Also, make sure you aren’t harboring any potentially hazardous baby products by staying abreast of product recall announcements.

How to check for mold in teethers, bottles, sippy cups and toys

In recent years, reports of mold growth in Sophie the Giraffe teething toys and Tommee Tippee sippy cups have caused parents widespread concern. The truth is that mold can grow on any baby product or toy that is regularly exposed to a child’s drool, as well as other liquids, food, and dirt. That’s why it’s crucial to give them a thorough cleaning on a regular basis.

Look for any black or off-color spots on the exterior and interior of the cup, bottle, or toy. If you detect a musty or mildewy odor, it may be a sign of mold growth. Put the bath toys under water and give them a squeeze to see if any dark liquid emerges. Almost certainly mold growth.

If possible, avoid buying cups or toys with holes that can trap moisture, and if you already own such items, clean them frequently.

Why mold in baby cups and toys can be dangerous

The vast majority of kids won’t get sick from using a moldy sippy cup (or anything else). However, in some kids it could trigger an allergic reaction or respiratory issues (especially if they breathe the mold in rather than eat it). Moreover, some molds can trigger gastrointestinal distress. If your child develops any unusual symptoms, you should contact your pediatrician immediately.

What kinds of teethers, bottles, cups and toys are at risk for mold and other health issues?

Mold grows best in dark, moist places, making teethers, bottles, sippy cups, bath toys, and other baby products with holes a breeding ground for the fungus. Like the one-piece white valve on the recalled Tommee Tippee sippy cups, which grew mold if it hadn’t been cleaned thoroughly, an item may be at risk for mold if it has parts that can’t be completely detached, cleaned, and dried.

Toys are more likely to be risk-free if they can be cleaned, dried, and disinfected without much effort.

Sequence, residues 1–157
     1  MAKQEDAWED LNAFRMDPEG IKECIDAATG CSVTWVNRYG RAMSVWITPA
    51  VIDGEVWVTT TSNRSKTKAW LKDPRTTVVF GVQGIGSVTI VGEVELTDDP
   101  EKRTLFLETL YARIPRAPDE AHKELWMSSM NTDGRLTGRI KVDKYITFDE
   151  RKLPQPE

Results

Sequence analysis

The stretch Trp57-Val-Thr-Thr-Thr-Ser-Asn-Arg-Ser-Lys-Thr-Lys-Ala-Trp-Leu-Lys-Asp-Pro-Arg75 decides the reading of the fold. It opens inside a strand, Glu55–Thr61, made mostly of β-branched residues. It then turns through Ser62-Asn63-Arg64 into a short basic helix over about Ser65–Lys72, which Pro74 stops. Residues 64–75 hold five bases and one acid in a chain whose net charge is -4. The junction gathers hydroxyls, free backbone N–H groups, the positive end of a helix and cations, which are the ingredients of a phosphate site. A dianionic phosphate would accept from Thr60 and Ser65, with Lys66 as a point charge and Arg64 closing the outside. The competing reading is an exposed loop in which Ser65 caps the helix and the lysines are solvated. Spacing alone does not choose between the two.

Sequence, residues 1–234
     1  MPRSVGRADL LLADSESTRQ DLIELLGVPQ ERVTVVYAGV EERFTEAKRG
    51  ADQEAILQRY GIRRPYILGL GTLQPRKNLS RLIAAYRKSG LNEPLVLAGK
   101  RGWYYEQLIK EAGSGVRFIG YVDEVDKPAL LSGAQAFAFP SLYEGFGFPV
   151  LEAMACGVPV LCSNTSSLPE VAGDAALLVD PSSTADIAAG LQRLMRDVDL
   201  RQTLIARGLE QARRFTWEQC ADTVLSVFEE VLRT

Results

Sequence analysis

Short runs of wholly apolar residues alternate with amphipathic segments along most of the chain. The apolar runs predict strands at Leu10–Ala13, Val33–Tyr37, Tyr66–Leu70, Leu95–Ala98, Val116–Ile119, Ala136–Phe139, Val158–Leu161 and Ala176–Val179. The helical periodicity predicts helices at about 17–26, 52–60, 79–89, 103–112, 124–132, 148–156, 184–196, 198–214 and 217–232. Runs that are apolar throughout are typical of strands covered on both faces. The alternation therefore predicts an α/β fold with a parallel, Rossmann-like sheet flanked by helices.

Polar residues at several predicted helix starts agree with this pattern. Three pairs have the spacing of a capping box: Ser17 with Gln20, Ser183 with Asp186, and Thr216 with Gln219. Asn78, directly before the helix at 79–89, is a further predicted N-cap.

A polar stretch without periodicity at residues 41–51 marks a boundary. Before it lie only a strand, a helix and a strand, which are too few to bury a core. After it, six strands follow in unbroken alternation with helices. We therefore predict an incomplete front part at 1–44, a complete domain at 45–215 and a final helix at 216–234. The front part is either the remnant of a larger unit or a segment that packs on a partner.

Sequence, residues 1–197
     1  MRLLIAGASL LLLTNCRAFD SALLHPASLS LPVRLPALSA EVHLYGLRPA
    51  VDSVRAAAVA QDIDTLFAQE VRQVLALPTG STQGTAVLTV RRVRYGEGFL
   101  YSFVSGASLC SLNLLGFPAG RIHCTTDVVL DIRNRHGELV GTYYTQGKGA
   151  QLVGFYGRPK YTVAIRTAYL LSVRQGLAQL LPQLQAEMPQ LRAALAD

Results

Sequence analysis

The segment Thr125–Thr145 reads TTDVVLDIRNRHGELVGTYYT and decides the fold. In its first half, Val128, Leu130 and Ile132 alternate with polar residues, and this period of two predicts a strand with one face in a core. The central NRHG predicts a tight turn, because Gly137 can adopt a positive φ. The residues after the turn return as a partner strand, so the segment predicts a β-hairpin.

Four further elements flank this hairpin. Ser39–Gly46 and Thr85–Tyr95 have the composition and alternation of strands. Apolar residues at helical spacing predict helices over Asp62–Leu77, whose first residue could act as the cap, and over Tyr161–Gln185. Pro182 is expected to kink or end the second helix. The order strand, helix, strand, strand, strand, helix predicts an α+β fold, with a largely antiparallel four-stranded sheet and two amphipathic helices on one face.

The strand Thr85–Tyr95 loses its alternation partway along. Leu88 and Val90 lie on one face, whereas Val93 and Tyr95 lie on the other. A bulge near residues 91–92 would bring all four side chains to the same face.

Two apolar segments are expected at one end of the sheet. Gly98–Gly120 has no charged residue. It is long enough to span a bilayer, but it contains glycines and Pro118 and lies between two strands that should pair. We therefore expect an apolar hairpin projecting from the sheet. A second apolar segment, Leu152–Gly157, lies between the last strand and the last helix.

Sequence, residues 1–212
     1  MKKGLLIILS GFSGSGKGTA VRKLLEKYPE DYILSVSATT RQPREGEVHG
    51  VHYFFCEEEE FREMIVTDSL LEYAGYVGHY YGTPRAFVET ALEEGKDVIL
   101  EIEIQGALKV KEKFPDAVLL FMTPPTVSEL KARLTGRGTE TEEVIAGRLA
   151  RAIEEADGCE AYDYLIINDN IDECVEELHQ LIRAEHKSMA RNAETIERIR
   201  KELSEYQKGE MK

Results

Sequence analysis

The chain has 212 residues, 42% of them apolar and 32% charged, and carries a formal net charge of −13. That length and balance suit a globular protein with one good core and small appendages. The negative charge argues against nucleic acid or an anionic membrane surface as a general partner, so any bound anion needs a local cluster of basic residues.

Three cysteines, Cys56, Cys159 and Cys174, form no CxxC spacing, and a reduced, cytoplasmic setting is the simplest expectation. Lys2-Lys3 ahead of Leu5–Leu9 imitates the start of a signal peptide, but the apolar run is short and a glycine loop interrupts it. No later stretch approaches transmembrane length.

What should I do if I find mold in items my baby has already used?

If you discover mold on a cup, toy, or anything else, don’t freak out; just get rid of it and get a new one. Your child probably won’t have any issues, but if you notice any unusual or worrying symptoms after mold exposure, you should consult your pediatrician.

Cleaning and inspecting your baby’s belongings on a regular basis for signs of wear and tear and mold is important. You don’t have to go crazy with disinfecting everything in sight to avoid mold. Cups, toys, and feeding utensils should be disassembled when being cleaned so that each part can dry thoroughly before being put back together.

The best way to ensure your baby’s safety and health is to replace worn-out items like teethers and sippy cups, even if it’s difficult to let go of a beloved toy.

Mold Rash Symptoms, Causes, Diagnosis, and Treatment

How to clean sippy cups to prevent mold

  • You should take the cup apart as much as possible before washing it. Take apart the lid, handles, sipping mechanism, valve, straw, and anything else that can be detached in order to clean it thoroughly.
  • Care for each component of the cup in accordance with the manufacturer’s instructions. Large pieces may require the upper rack of the dishwasher, as recommended by some manufacturers. Some people advocate for washing everything by hand.
  • If you need to wash your hands, do so with soap and warm water.
  • You should give each item a good rinse in clean water to get rid of any lingering soap.
  • Please hang each item to dry. Valve and lid seals are particularly at risk for mold growth because they collect and hold condensation.
  • Dry them completely before putting them away. Keep them in pieces and reassemble them right before you need them.


Just knowing what effects mold can have on a baby can be a huge relief. It ensures the well-being of newborns and protects their parents from the financial burden of unforeseen medical expenses.

Helen Skeates

Helen Skeates